Cheap, Unaccredited Schools Gain Popularity

Phnom Penh universities offering cut-rate tuition fees are driving students away from degree programs recognized abroad, jeopardizing the future of the more prestigious but expensive courses, university officials said.

In the past, students sought degrees bearing a foreign seal of approval, since Cambodia has no active accrediting body to judge the quality of its local institutions, said Stephen Paterson, adviser at the government’s National Uni­ver­sity of Management, formally the National Institute of Manage­ment.

But recently, numerous local programs have cropped up offering degrees at prices so attractive, students have “flooded to them in droves,” said Neil Stewart McLar­en, chief executive officer of Re­gent School of Busi­ness.

Enrollment in Regent programs, which are recognized in England and Australia, have dipped so low, the school has considered dropping them in favor of cheaper local programs that do not require the high cost of obtaining foreign accreditation, McLaren said last week.

“It is becoming increasingly difficult to survive doing what we do,” he said.

NUM had no trouble filling seats for its local Masters of Business Administration program, which costs $1,500 for two years, Paterson said.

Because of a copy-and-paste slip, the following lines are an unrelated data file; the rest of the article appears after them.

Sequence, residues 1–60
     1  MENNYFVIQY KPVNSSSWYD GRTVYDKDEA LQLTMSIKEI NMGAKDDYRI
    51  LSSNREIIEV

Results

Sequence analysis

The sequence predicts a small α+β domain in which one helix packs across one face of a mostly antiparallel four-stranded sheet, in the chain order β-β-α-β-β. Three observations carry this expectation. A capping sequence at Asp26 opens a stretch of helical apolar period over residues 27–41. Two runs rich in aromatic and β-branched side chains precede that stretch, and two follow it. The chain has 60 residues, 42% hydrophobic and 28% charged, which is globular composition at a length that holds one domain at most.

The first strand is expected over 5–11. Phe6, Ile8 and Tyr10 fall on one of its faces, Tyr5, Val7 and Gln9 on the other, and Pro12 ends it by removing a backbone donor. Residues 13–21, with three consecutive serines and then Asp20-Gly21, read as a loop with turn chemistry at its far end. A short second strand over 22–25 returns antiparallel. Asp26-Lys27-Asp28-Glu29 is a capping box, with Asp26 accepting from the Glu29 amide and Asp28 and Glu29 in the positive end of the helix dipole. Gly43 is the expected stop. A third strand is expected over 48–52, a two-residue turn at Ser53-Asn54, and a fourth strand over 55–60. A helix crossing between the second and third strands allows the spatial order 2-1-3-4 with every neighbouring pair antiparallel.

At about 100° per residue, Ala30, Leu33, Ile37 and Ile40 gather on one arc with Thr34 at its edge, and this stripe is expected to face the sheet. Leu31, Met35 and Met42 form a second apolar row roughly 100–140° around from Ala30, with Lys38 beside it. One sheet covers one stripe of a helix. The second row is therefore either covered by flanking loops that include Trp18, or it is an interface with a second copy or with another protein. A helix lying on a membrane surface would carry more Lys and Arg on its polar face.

But, it struggled to generate enough interest to fill even the 25 slots in a $3,700 two-year internationally recognized MBA, Pater­son said last week. That program will be taught in Cambodia by teachers brought in from De la Salle University, accredited in the Philippines, he said.

“Here, it seems like people are trying any way possible to get those upper degrees,” Paterson said. “So many people have MBAs that they feel like they have to put one on their resume.”

At Build Bright University, which offers mostly local programs, Vice Rector of Academics Dy Davuth defended the local programs, saying teachers at local schools are often also instructors of other international programs.

Business student Yim Nimol, 22, said she chose BBU because it is close to her house, is cheap and has nice facilities, though she said she would prefer to study at an international program.

“But I have to think of the cost,” she said at the university, while waiting for a class last week.

Meanwhile, Chet Sopalla, 22, who recently graduated from Institute of Foreign Language and NUM, said she has struggled to find a job. But she does not blame that on her local degrees.

“Most companies do not look for [international degrees],” she said. “They look for experience.”

(Additional reporting by Kim Chan)

 

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